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College of Arts and Sciences

  • A right whale breaches the surface of the ocean.

Journal for kids condenses whale of an article from UofSC researcher

School-age children can read about ground-breaking environmental research on right whales in a new online article by the Science Journal for Kids, thanks to a University of South Carolina professor’s research.   

The online magazine for young students and their teachers has created educational resources based on Erin Meyer-Gutbrod's research on how human-driven climate change is further endangering right whale populations in the Atlantic.  

Science Journal for Kids features peer-reviewed research papers rewritten in age-appropriate language to help kids understand what is going on in the world they will inherit. 

Why it matters: The article “Why Are Whales in Trouble — Again?” simplifies research that Meyer-Gutbrod and her co-authors published last September in the journal Oceanography. Their findings showed that warming waters caused the whales’ prey to move northward. When the whales followed, they faced greater dangers of ship strikes and fishing gear entanglements.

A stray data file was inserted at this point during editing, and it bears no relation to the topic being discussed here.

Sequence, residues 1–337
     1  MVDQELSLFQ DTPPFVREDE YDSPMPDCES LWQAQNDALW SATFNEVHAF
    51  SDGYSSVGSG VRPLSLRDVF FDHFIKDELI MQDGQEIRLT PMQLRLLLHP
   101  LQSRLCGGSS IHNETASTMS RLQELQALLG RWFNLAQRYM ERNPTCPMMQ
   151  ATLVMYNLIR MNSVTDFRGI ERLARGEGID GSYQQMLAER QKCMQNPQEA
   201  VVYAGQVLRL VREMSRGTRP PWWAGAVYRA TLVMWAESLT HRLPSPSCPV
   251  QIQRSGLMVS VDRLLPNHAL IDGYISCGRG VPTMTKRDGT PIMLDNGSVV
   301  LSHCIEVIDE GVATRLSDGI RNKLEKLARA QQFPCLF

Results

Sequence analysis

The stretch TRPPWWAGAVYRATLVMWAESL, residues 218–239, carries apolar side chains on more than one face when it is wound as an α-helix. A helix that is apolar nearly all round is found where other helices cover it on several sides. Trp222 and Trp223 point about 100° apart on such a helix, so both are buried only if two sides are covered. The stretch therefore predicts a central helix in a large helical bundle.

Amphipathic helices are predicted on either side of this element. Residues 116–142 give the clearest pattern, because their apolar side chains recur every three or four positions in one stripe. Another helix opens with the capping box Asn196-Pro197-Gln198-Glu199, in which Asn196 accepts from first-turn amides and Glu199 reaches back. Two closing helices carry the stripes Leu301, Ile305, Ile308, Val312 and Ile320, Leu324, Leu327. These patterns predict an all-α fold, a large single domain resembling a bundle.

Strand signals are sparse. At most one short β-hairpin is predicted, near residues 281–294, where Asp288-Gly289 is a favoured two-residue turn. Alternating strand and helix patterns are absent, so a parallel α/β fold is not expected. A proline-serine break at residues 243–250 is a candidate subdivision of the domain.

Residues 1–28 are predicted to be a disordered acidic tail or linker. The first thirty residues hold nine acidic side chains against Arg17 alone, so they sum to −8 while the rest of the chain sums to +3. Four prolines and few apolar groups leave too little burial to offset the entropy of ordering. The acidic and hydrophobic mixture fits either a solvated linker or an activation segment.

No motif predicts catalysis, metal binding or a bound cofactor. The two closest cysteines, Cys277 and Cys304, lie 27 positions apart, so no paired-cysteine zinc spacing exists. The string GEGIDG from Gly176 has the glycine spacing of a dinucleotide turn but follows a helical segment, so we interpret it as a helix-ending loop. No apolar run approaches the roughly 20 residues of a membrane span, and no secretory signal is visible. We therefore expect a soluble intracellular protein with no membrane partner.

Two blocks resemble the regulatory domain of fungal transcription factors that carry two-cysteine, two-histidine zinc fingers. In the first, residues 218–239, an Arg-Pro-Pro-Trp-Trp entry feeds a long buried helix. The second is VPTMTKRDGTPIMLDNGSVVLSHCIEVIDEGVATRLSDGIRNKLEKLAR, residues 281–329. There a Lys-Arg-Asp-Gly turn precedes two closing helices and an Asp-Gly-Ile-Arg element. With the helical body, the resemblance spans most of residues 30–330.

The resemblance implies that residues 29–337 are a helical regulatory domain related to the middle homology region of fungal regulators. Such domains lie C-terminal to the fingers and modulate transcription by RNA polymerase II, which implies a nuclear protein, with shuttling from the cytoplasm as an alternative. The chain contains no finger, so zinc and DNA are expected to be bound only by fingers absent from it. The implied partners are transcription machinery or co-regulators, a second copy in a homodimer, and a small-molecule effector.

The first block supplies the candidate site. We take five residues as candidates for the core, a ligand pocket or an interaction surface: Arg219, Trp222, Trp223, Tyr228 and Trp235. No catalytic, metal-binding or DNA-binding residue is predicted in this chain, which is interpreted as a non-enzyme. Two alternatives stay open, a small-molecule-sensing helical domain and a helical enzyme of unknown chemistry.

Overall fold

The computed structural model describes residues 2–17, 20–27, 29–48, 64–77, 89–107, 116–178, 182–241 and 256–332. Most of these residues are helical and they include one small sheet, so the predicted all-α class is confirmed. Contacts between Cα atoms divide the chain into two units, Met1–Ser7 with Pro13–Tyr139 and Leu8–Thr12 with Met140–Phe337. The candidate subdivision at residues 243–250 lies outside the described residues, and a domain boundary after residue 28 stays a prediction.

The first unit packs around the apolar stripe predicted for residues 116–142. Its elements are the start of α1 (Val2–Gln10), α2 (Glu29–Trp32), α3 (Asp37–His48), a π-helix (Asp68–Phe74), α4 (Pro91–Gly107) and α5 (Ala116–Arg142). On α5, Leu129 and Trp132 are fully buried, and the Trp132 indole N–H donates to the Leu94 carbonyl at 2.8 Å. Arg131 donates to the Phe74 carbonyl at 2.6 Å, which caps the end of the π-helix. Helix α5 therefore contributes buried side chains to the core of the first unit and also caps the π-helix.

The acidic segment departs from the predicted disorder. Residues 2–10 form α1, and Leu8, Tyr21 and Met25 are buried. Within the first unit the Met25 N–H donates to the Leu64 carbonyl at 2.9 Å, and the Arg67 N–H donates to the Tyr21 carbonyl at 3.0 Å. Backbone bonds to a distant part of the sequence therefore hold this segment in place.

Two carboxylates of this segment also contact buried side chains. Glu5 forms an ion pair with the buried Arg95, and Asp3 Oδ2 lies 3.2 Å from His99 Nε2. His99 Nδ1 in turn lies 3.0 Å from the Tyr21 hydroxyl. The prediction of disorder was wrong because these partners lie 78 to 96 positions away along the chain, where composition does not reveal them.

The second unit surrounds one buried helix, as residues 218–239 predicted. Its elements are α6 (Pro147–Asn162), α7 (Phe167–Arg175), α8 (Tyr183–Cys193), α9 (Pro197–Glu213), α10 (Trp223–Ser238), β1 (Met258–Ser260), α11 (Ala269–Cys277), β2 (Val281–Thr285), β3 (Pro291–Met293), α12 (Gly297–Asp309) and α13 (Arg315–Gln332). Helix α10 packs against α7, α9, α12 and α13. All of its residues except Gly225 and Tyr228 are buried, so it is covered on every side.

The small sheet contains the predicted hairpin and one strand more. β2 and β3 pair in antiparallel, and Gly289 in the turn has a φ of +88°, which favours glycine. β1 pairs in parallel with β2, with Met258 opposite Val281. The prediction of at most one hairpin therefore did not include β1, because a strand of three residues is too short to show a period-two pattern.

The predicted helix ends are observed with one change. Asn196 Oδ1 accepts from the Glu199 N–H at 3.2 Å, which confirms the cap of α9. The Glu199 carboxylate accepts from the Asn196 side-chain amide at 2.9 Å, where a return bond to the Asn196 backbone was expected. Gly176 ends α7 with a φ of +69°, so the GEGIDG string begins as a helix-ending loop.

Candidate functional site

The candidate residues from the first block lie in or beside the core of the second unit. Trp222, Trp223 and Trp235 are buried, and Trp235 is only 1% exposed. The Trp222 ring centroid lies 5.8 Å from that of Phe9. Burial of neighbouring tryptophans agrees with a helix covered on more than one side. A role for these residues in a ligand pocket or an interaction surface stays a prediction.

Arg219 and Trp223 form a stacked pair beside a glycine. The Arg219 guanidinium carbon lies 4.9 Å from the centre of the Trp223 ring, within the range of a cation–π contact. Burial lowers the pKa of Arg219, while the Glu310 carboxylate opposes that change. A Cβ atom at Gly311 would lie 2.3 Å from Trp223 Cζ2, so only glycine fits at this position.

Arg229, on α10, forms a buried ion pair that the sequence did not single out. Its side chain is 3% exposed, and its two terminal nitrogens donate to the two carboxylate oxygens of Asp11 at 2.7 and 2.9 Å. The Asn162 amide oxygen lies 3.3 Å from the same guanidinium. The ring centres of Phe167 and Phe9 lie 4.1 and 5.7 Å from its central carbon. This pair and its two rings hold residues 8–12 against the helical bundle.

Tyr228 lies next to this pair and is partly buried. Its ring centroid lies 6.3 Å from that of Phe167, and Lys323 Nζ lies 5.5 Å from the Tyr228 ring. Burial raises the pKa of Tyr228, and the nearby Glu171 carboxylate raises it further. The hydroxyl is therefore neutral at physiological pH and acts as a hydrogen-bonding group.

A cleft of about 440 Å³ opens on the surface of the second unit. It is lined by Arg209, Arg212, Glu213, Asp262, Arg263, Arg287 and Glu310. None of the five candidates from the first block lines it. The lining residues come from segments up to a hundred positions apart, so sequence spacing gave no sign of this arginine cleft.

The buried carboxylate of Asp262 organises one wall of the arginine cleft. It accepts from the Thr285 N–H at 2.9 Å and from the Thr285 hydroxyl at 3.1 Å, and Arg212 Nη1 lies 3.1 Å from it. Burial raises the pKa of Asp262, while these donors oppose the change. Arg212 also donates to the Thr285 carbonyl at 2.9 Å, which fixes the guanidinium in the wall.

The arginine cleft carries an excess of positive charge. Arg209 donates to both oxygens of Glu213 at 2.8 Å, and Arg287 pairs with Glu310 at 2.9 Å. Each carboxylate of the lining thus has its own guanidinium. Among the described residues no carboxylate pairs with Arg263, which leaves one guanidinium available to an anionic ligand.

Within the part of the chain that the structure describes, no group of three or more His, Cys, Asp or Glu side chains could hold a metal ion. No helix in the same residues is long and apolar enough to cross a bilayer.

The Science Journal for Kids resources provide: 

  • Explanations of complex environmental issues 
  • Colorful and engaging audio and visual representations of scientific concepts 
  • Downloadable content that teachers can use in their lesson plans 

Broader impact: The kid-friendly adaptation of Gutbrod’s pioneering research unpacks a lot of new scientific concepts while explaining why it’s important and how people of all ages can help. 

"Engaging students in current research at a young age builds familiarity and trust in the scientific process,” says Meyer-Gutbrod.  

“This is an opportunity for students to learn how research is conducted and may even generate some excitement about pursuing careers in S.T.E.M. fields." 

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